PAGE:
By Paulina Cachero
Stratospheric gas prices have broken records for at least seven days with the average cost of fuel per gallon hitting $4.96 as of June 8, according to the American Automobile Association.
These eye-popping prices hit during peak driving season: Historically, Americans hit the road in earnest on Memorial Day in May, all the way through Labor Day in September.
Those road trips will be much more painful for drivers in some states more than others. Here’s where gas prices are the highest in the US.
Drivers in California are paying the most in the country, forking over an average of $6.39 a gallon. It’s also where drivers log some of the highest mileages in the US, averaging 12,524 miles a year, according to a Policy Genius analysis of data from the Federal Highway Administration.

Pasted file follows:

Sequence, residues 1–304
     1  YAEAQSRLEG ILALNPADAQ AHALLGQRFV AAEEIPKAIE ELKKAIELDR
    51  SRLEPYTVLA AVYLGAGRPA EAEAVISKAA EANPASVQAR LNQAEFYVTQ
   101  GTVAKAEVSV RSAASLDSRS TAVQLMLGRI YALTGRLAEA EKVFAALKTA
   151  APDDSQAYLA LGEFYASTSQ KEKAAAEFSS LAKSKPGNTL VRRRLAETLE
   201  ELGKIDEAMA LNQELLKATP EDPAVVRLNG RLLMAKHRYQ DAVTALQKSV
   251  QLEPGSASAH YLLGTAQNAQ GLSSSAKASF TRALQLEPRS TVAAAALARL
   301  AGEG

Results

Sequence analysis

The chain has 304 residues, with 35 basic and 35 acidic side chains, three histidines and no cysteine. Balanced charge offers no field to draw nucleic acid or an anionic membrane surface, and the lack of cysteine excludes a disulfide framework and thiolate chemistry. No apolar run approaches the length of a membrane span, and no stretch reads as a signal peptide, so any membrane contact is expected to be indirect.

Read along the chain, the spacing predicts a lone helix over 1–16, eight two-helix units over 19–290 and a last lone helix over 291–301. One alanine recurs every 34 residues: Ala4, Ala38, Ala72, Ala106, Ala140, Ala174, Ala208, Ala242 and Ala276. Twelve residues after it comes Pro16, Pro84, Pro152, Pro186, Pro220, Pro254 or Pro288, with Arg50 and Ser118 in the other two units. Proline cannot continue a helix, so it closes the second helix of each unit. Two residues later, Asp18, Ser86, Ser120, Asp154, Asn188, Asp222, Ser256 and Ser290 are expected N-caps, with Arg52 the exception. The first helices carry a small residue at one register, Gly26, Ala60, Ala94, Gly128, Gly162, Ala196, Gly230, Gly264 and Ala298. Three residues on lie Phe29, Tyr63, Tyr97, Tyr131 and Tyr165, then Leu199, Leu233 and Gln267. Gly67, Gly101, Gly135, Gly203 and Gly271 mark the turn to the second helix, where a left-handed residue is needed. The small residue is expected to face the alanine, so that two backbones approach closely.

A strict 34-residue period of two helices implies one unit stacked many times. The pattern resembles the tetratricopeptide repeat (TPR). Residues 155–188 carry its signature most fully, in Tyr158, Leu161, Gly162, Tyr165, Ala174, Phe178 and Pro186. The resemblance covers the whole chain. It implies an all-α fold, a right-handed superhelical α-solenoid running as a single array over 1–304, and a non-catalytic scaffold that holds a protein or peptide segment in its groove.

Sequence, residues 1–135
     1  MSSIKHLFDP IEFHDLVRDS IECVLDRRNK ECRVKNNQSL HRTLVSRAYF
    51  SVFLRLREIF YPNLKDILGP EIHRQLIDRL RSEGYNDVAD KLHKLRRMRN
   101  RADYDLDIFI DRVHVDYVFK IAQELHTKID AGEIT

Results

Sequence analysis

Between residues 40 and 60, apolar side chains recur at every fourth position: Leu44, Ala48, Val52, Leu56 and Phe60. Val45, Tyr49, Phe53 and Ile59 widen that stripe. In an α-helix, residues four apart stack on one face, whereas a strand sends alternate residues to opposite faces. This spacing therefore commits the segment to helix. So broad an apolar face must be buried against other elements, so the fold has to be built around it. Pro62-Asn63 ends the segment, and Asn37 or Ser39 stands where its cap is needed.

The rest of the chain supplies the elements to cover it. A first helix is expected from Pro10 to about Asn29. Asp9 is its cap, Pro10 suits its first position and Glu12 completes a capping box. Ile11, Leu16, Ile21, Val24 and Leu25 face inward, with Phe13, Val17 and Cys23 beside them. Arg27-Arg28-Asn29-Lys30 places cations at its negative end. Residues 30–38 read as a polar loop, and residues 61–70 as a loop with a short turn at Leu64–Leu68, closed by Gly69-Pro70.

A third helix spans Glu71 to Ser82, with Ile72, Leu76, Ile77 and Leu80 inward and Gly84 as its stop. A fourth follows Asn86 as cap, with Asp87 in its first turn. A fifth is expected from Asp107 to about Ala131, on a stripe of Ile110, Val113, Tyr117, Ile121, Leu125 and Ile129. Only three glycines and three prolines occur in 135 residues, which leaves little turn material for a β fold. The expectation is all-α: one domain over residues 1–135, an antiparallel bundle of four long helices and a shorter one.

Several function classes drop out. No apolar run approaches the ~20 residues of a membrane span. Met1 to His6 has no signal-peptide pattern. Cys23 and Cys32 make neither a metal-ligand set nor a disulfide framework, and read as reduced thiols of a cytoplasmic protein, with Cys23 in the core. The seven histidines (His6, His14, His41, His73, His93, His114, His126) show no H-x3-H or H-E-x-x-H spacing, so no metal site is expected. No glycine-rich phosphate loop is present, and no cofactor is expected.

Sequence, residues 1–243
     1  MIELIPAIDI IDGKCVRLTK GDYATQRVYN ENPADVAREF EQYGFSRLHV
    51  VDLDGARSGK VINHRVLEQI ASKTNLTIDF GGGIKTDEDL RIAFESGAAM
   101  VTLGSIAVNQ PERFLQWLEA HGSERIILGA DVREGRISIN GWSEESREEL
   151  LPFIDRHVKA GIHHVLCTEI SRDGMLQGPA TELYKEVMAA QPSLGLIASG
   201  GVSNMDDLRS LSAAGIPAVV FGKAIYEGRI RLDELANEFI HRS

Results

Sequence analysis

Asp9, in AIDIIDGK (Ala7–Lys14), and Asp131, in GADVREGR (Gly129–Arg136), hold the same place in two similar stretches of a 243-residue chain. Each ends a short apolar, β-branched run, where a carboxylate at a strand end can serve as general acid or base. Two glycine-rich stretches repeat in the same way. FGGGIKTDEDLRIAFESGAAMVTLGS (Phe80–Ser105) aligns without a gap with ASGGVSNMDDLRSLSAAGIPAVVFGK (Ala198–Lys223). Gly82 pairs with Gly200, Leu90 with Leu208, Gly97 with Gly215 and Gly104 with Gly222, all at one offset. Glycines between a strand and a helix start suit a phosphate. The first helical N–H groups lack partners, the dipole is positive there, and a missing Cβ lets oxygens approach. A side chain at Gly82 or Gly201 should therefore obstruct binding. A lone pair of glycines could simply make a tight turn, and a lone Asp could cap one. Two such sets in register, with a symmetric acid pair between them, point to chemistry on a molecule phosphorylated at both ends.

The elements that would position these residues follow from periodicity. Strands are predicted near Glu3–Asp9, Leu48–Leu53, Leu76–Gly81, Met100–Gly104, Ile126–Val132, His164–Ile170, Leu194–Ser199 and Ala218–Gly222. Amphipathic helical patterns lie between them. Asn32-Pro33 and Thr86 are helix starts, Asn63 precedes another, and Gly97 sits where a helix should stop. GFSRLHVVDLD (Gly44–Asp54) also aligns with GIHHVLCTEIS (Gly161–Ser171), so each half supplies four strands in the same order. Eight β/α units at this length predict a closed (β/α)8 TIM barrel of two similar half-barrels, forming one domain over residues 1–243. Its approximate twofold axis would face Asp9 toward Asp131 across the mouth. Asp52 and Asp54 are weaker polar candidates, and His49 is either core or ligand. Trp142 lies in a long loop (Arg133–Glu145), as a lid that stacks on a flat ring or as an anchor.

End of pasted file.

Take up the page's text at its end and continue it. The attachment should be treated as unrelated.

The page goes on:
The Golden State is followed by Nevada, where the sticker price at the pump is $5.56 a gallon, and Illinois at $5.53. Fuel prices have eclipsed the $5 mark in 16 states, including Alaska, Arizona, Hawaii, Massachusetts, Michigan and more.
While drivers are paying more in other states, people in Wyoming are driving an average of 24,069 miles a year, the highest annual mileage per driver in the country.
Gas prices aren’t likely to drop any time soon. Increased oil demand continues to outpace the global supply, which has been disrupted by Russia’s war in Ukraine — Russia is the world’s largest oil exporter. West Texas Intermediate futures have jumped 39% since the invasion began, with oil closing at $119.41 a barrel yesterday.
More stories like this are available on bloomberg.com.